In December 2014 the Bank of England announced an enquiry to assess the risk of fossil fuel companies causing a global financial crisis – something that could potentially happen if future climate change regulation were to render a significant proportion of their coal, oil and gas assets unusable – and therefore worthless.
If governments agree on realistic targets to limit global warming to 2ºC, the internationally agreed ‘safe’ limit, then around two-thirds of proven fossil fuel reserves would no longer be able to be burned, and the value of fossil fuel companies would be sharply downgraded. As these are among the largest companies in the world, such a devaluing could potentially trigger a major economic crisis.
The UK Parliament’s Environmental Audit Committee is also conducting an enquiry into this area and has warned that most fossil reserves will have to stay in the ground unless carbon capture and storage (CCS) can be developed more rapidly. CCS is still at the research and demonstration stage and is not expected to be ready for large scale deployment until 2030 or later.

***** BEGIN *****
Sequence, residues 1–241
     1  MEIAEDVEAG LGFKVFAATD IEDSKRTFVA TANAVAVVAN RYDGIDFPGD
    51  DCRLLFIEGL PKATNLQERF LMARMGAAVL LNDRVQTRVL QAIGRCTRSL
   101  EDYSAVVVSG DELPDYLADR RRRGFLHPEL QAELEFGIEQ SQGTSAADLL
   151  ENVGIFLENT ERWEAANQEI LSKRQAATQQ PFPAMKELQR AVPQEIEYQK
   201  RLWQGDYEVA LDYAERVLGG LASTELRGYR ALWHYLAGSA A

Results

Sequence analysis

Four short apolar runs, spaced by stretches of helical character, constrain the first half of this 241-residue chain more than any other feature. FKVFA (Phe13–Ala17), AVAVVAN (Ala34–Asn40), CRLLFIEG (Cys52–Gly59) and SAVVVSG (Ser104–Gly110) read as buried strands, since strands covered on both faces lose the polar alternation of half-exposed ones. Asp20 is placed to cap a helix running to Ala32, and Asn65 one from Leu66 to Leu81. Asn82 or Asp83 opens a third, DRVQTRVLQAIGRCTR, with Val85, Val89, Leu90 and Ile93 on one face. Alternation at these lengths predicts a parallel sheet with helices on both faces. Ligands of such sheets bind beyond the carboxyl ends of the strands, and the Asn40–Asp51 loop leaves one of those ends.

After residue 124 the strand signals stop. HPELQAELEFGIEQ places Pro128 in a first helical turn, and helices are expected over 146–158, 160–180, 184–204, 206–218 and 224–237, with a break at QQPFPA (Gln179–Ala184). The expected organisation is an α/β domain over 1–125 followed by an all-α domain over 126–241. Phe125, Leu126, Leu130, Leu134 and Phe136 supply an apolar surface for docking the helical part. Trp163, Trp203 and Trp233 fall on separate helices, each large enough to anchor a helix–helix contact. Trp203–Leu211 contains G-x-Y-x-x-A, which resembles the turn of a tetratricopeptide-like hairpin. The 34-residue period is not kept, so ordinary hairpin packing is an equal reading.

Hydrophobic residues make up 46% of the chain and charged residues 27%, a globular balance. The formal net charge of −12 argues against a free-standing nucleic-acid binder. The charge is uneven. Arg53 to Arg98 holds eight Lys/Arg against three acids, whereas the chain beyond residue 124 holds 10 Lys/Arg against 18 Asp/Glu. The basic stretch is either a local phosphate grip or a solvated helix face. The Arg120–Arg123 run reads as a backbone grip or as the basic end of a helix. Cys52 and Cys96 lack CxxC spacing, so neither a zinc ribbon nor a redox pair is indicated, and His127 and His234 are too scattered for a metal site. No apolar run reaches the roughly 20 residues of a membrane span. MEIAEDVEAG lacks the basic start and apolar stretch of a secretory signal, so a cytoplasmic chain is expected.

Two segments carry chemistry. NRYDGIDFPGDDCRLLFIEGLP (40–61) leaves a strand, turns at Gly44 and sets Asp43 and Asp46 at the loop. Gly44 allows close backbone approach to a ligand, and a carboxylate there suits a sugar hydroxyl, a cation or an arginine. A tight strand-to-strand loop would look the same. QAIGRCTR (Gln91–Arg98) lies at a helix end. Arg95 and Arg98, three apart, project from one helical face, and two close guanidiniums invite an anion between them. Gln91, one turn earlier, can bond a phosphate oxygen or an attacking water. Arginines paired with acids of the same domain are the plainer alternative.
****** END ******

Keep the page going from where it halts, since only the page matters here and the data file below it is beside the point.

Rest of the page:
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These enquiries are an indication that policy makers and central banks are beginning to take the prospect of large-scale action on climate change seriously. Investors are not yet thought to factor in political action on climate change into their decisions on fossil fuel investments – according to Carbon Tracker, $1 trillion is currently being staked on high cost oil projects that will never see a return if governments fulfil their climate change pledges.
The Bank of England enquiry increases the pressure on fossil fuel companies to disclose how many carbon emissions are contained within their reserves, so that investors can make informed decisions and reduce the risk of large-scale ‘stranding’ of fossil fuel assets.